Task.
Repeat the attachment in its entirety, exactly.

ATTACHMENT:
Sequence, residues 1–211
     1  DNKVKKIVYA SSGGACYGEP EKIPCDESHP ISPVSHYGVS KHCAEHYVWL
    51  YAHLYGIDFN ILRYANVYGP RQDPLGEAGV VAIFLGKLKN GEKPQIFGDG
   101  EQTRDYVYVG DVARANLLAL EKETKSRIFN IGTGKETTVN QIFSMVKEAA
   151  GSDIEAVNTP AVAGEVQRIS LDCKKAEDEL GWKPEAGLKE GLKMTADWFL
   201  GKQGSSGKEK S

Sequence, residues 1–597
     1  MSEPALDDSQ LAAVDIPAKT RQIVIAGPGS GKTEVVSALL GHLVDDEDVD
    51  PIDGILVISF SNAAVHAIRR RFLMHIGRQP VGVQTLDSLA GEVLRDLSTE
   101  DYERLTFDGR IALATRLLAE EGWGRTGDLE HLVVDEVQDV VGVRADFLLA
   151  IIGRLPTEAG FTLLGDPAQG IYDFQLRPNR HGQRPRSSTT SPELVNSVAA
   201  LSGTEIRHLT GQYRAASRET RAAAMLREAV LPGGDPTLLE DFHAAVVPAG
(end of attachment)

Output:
Sequence, residues 1–211
     1  DNKVKKIVYA SSGGACYGEP EKIPCDESHP ISPVSHYGVS KHCAEHYVWL
    51  YAHLYGIDFN ILRYANVYGP RQDPLGEAGV VAIFLGKLKN GEKPQIFGDG
   101  EQTRDYVYVG DVARANLLAL EKETKSRIFN IGTGKETTVN QIFSMVKEAA
   151  GSDIEAVNTP AVAGEVQRIS LDCKKAEDEL GWKPEAGLKE GLKMTADWFL
   201  GKQGSSGKEK S

Sequence, residues 1–597
     1  MSEPALDDSQ LAAVDIPAKT RQIVIAGPGS GKTEVVSALL GHLVDDEDVD
    51  PIDGILVISF SNAAVHAIRR RFLMHIGRQP VGVQTLDSLA GEVLRDLSTE
   101  DYERLTFDGR IALATRLLAE EGWGRTGDLE HLVVDEVQDV VGVRADFLLA
   151  IIGRLPTEAG FTLLGDPAQG IYDFQLRPNR HGQRPRSSTT SPELVNSVAA
   201  LSGTEIRHLT GQYRAASRET RAAAMLREAV LPGGDPTLLE DFHAAVVPAG